RICS Joint Damp Methodology Investigation of moisture and it’s effects in traditional buildings

By: admin | Posted on: November 22, 2021

Damp investigations and advice will massively vary with what a client will get. This is simply because some damp investigations will not be thorough enough, and will be non invasive / non intrusive. Also it isn’t unusual to get different opinions on how to fix the issues. This is where it can get difficult especially if no data has been produced by taking plaster samples, as per BRE DIGEST 245 https://www.completepreservation.co.uk/what-is-bre-digest-245/ This then results on diagnosis confirmed just by an opinion, not by data…..If you need a damp survey that is based on opening up, data by sampling, to include drains surveys etc, please contact the office on enquiries@completepreservation.co.uk

RICS Joint Damp methodology Investigation of moisture and it’s effects in traditional buildings joint damp methodology

This image shows the latest guidance of damp surveys from historic England, Rics, spat, and the property care association
RICS JOINT DAMP METHODOLOGY, Investigation of moisture and it’s effects in traditional buildings joint damp methodology, BRE DIGEST 245, BRE DG 245

Whilst this is still the draft methodology the new methodology will be published very shortly.

Do you know the questions you need to ask prior to instructing a damp specialist surveyor? This video explains and tells you the very basics that includes the facts from the British Standards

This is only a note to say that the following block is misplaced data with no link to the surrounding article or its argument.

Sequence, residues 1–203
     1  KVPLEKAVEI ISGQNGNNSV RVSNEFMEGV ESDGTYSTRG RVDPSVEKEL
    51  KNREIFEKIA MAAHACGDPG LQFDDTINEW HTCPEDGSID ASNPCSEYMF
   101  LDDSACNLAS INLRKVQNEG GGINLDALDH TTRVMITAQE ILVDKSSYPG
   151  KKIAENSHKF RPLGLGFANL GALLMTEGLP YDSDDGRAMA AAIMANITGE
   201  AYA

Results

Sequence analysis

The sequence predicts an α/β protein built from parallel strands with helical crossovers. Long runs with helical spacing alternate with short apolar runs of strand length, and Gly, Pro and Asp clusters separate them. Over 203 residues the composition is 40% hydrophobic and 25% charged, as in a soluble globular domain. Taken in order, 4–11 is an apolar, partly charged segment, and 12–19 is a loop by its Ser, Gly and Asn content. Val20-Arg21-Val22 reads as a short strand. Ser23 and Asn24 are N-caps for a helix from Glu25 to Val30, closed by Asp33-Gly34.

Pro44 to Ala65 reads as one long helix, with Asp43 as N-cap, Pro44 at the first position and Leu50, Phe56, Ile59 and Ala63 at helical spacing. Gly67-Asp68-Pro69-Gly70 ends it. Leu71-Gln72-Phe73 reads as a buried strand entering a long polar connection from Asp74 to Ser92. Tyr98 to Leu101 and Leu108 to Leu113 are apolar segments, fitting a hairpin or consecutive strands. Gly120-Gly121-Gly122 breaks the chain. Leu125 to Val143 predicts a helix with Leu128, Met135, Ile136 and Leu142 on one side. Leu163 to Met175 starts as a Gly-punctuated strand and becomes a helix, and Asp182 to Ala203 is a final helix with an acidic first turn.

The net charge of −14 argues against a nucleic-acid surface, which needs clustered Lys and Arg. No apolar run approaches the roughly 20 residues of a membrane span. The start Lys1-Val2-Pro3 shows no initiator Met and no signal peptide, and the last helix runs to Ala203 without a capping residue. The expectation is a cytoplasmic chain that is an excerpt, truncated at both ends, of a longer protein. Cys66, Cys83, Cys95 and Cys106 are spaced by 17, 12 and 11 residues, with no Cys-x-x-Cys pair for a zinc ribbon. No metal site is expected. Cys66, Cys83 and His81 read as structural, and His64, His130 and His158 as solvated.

Bridged damp proof course or a bridged dpc (it’s also known as). How to repair a bridged damp proof course is only known once an invasive damp survey has been carried out. There can be many reasons why you have damp issues when a physical damp proof course has been installed, as per the diagrams in the video

Bridging of the damp proof course, or bridging of the dpc, is such a common cause of rising damp to internal walls, and also external walls. BS 6576, and BRE DIGEST 245 is the standards that all damp surveyors should be following. As per the video you need to ask your damp surveyor some vital questions. If you donโ€™t ask these questions you might fall into the trap, and perhaps your root cause of rising damp will not be diagnosed correctly, that could result in expensive treatment and repairs. By getting the correct survey initially, it will add value long term.

1. First of all you need to make sure your damp surveyor is suitably experienced, and qualified.

2. You must ask for an invasive / intrusive survey if itโ€™s anything to do with damp at the base of the wall, and possibly bridging of the dpc, like rising damp. Non invasive surveys will simply not be good enough.

3. An averagely competent surveyor will follow the guidance in BS 6576, as per what I have spoke about in the video.

4. They will also need to follow the methodology in BRE DIGEST 245. This is basically the only quantitative methodology to confirm rising damp, by using a carbide meter / speedy meter or better still gravimetrics.

5. Make sure all of the below are eliminated as a potential cause by your damp surveyor, as per guidance in BS 6576.

1. Condensation

2. Lateral penetration associated with ground and floor level

3. Leaks from roofs gutters, and downpipes

4. Faulty drains

5. Internal plumbing leaks

6. Water penetration through external walls

7. Water penetration around windows and doors

8. Mortar droppings in the cavity

9. History of flooding

I do find that if a physical damp proof course is present and there is damp on internal walls, there is a high possibility there could be drain issues, or a possible leak.